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20 simple ways PDA kids & teens can safely feel in charge of their adult


“WATCH Mama, WATCH!” My 6-year-old PDAer takes my chin in his soft little hand and forcibly turns my face towards the YouTube video he is watching. I take a breath, close my eyes for a split second to find my inner center, and open my eyes to the video.


***


My husband guards the door while I’m on a private call. My child is trying to get inside. He is furious at my husband, and begins to scream at him. After the call, my child lets out his tension with more screaming. “I need to take revenge on Papa!” He grabs my husband’s mouse pad, runs upstairs, and hides it. *** What’s going on in these moments? How do we understand my child’s behavior through the lens of PDA, neurodiversity, and nervous system health?


***


My child’s behavior in these moments is called equalizing.


I define equalizing as exerting power over someone or something to feel safe in the face of an autonomic threat response.


Equalizing behavior in children is often judged as selfish, rude, bossy, know-it-all, cruel, vengeful, or defiant. But those of us who experience PDA from inside can tell you that equalizing is an expression of a PDAer’s underlying nervous system disability. This disability puts us in survival threat response when faced with a lack of social equality, control, or autonomy.


Avoidance is one strategy PDAers use to regain a sense of safety and control when we feel threatened. Equalizing is another strategy.


PDA equalizing usually refers to exerting control or status over another person. But I find it helpful to consider equalizing as a broader category of exerting control over something to feel safe. This can help us see the PDA threat responses in more subtle behaviors, including in how it intersects with demands of daily life.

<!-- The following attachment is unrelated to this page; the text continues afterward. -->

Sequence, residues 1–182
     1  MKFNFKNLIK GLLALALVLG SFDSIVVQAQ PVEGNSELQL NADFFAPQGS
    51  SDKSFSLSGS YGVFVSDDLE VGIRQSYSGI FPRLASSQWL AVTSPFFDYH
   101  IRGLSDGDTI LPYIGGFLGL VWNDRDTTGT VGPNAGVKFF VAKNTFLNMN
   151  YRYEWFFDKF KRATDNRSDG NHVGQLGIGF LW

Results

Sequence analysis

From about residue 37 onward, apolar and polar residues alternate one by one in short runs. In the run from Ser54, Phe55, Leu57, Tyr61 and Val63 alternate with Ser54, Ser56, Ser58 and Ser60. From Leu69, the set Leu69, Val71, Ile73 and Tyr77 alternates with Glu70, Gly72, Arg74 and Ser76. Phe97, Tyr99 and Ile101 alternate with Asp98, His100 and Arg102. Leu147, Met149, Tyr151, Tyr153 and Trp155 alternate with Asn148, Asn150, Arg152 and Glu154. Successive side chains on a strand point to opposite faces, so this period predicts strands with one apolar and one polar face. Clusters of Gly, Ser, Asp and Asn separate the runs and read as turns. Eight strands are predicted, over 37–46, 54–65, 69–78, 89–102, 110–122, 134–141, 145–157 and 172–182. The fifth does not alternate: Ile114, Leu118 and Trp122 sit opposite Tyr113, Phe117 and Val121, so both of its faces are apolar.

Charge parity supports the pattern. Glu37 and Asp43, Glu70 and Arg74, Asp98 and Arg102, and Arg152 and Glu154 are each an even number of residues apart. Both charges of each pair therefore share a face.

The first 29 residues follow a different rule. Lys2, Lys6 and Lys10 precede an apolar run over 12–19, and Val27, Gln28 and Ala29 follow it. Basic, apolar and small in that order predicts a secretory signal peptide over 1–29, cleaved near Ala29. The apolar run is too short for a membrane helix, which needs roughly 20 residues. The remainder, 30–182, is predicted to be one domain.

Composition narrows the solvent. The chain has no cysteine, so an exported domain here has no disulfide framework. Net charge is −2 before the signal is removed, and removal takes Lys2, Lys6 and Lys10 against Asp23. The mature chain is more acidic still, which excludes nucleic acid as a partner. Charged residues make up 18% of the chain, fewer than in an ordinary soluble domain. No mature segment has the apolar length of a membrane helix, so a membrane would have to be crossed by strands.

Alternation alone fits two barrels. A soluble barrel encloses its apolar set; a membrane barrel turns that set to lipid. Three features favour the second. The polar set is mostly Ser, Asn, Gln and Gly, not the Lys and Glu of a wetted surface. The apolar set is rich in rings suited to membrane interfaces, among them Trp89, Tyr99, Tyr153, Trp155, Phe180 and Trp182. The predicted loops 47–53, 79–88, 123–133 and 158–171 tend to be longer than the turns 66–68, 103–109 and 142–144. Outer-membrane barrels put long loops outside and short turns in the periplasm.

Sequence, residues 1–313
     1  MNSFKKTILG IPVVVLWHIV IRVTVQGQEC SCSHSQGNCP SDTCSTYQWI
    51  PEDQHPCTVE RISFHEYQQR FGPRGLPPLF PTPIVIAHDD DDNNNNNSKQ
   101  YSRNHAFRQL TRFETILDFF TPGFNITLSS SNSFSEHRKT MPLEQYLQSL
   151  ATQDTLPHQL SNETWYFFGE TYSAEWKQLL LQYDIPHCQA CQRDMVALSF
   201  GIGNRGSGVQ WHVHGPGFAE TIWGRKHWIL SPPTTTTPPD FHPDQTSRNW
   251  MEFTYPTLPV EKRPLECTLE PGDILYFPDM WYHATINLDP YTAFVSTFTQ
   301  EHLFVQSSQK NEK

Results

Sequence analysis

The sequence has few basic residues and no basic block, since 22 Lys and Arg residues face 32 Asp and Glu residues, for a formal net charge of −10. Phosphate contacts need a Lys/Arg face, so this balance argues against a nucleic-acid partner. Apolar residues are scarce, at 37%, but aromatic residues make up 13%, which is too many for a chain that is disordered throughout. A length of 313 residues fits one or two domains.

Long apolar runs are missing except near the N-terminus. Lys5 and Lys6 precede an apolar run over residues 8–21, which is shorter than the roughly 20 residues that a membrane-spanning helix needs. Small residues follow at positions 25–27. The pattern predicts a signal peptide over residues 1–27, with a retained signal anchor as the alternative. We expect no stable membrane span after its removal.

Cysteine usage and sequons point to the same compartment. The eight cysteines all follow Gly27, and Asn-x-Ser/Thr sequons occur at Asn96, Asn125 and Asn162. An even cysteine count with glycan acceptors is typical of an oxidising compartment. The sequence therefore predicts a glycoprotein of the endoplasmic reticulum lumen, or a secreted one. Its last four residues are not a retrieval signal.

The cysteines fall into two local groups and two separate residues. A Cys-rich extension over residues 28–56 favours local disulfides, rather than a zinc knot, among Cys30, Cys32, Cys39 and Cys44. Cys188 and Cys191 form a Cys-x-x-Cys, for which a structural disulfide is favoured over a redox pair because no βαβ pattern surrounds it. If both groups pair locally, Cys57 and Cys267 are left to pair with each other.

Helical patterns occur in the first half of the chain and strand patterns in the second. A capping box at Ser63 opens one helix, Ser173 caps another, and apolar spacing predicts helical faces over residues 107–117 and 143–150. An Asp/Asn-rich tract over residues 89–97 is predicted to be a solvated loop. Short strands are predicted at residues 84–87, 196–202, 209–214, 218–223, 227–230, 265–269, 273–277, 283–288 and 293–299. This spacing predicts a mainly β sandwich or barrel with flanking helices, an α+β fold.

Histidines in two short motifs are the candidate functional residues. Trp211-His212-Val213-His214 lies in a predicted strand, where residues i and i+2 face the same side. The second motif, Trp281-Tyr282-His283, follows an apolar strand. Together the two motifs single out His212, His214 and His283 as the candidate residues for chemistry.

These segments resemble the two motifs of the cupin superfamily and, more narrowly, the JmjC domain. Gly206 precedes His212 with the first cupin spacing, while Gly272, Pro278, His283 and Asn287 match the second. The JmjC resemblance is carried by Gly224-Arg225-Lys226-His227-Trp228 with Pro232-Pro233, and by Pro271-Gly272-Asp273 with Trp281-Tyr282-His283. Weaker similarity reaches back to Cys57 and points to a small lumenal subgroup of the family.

In my experience, PDAers may equalize over:


Another person

(i.e. “You CAN’T go on a walk now Mama!”)

Our own bodies

(i.e. withholding food or bathroom)

Our own behavior

(“I’m only allowed to wear skirts.”)

An external system or institution

(“I HAVE to get straight A’s in school.”)


PDA children and teens often equalize with adults because as young people they are not offered a sense of social equality, especially with caregivers. The more equal or high status a PDA child feels in relationship to the people around them, the safer they will feel and the less unhealthy equalizing behavior they will show. If a PDAer is unaccommodated, equalizing may look like swearing, yelling, hiding or breaking a caregivers’ favorite item, physically moving a parent’s body, dumping water onto a parent’s dinner plate, etc. These behaviors are expressions of the underlying PDA nervous system disability that gets triggered by a lack of social equality. Children do not mean the things they say while in threat.


PDAers will thrive best if the entire culture of their home (and school if they are in school) offers them social equality - i.e. the ability to make decisions, be in charge of their own body, be treated as a partner in problem-solving, etc. But no matter what, inside of any culture, adults can can proactively strew healthy opportunities to equalize. Then the PDAer can feel a sense high status in a safe way, and everyone can have fun, too. This kind of play may be hard or impossible in burnout, but on the other hand it may help with recovery. It all depends on attuning to your child/teen. Healthy opportunities to equalize allows PDAers to shine as decision-makers, creative problem-solvers, and experts in our areas of interest.